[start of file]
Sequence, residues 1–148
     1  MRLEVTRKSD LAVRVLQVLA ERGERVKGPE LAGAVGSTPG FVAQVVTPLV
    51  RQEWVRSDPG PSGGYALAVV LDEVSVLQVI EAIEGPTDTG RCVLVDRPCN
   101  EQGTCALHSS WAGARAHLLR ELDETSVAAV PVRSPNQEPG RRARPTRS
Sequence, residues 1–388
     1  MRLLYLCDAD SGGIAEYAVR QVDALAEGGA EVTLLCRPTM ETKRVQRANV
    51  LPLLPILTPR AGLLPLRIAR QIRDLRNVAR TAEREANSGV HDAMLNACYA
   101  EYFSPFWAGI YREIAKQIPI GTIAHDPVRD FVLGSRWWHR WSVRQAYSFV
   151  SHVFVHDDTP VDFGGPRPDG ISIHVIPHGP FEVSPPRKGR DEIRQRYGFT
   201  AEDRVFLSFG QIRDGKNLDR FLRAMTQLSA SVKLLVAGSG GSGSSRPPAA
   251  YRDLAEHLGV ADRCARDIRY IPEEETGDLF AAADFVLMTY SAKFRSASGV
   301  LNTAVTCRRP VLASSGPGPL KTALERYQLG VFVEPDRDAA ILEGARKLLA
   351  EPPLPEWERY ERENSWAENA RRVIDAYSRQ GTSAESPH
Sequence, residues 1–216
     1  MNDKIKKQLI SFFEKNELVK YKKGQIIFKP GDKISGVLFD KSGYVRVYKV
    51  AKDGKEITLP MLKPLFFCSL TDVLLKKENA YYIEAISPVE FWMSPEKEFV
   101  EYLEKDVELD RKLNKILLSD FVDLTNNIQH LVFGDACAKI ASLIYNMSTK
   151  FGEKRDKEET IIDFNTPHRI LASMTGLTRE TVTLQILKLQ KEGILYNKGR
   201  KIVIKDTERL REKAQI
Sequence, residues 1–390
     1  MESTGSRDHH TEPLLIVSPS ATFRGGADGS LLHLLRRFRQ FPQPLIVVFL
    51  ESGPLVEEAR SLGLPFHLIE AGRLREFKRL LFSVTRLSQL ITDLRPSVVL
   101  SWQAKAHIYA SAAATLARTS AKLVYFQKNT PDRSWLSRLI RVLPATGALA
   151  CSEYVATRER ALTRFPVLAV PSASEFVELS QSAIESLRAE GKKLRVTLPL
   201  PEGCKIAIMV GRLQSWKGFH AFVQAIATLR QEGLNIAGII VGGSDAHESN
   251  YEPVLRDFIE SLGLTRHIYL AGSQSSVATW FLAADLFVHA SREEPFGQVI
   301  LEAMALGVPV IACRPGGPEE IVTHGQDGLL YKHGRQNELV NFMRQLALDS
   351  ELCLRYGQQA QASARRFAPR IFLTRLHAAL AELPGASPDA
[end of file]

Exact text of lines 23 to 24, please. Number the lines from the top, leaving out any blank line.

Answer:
   101  SWQAKAHIYA SAAATLARTS AKLVYFQKNT PDRSWLSRLI RVLPATGALA
   151  CSEYVATRER ALTRFPVLAV PSASEFVELS QSAIESLRAE GKKLRVTLPL